As is true for all amphibians, Oriental Fire-Bellied Toads should be handled only when necessary, and then with wet hands so that the skin’s protective mucus is not removed. Amphibian skin secretions may cause irritations when transferred to their owner’s wounds, eyes, or the mouth.
Oriental Fire-Bellied Toads do very well in groups; a 10 gallon aquarium will support 3-5 individuals. They spend most of their time in the water, which should be of a depth that allows the frog to submerge completely and to float on the surface with the legs extended below. Floating live or plastic plants may be used to provide security and resting sites. A land area of Mopani wood or cork bark should also be available. Substrate is not necessary on the land area, but carpet moss may be used if desired.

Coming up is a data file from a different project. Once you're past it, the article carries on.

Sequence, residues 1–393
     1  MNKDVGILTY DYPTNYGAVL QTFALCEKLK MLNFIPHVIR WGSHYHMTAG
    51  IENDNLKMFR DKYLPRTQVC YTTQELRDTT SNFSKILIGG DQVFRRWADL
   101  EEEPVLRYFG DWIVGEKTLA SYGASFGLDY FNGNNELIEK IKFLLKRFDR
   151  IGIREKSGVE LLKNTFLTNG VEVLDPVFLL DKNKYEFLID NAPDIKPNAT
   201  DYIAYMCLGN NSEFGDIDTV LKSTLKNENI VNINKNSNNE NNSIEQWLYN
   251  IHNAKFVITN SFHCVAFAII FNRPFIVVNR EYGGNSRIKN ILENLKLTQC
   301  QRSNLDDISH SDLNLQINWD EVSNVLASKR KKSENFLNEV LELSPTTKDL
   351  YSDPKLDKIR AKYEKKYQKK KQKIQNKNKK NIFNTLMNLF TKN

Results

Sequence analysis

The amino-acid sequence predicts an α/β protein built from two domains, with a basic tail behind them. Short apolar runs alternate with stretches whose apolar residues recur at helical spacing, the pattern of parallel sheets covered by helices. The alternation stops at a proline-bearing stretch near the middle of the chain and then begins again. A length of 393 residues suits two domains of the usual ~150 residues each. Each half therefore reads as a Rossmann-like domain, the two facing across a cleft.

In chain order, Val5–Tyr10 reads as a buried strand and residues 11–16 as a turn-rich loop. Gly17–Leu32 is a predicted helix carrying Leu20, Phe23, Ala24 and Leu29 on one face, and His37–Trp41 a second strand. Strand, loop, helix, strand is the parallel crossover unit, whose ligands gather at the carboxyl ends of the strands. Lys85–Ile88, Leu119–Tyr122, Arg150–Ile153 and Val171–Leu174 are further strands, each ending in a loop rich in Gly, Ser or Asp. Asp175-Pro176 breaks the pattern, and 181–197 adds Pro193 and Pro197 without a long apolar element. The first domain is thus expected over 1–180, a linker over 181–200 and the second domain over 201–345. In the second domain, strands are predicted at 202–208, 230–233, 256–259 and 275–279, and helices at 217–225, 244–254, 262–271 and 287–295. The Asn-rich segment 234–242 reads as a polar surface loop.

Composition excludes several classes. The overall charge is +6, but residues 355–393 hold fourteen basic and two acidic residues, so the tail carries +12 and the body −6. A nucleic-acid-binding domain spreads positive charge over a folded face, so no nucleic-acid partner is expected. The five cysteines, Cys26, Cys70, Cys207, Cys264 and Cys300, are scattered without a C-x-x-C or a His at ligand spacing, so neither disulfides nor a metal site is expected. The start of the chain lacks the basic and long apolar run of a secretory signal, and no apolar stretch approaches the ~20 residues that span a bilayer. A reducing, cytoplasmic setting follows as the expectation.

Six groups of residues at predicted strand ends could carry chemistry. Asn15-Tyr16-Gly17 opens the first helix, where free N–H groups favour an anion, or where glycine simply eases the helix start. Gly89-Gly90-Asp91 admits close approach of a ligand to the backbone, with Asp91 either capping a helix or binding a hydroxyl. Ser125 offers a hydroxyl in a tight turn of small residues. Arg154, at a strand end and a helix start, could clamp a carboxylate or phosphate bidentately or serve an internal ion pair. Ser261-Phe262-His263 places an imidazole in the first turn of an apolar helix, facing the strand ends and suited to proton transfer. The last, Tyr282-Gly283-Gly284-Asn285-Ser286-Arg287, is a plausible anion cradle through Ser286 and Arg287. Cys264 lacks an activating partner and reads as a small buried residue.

Porous skins allow frogs and toads to absorb harmful chemicals from the water. A canister or submersible filter and weekly partial water changes are essential in maintaining long-term health. Ammonia from waste products, uneaten food, and decaying plants is extremely lethal; an aquarium test kit should be used to monitor its levels. Chlorine and chloramine must be removed from water used in aquariums. Liquid preparations that work instantly are available at pet stores.
Oriental Fire-Bellied Toads tolerate a wide range of temperatures, remaining active from 50-90+ F, but sustained temperatures above 80 F may increase the likelihood of bacterial/fungal attack.
They do not require Ultra-Violet B light, but anecdotal evidence indicates that low levels of UVB, along with UVA, may be of some benefit.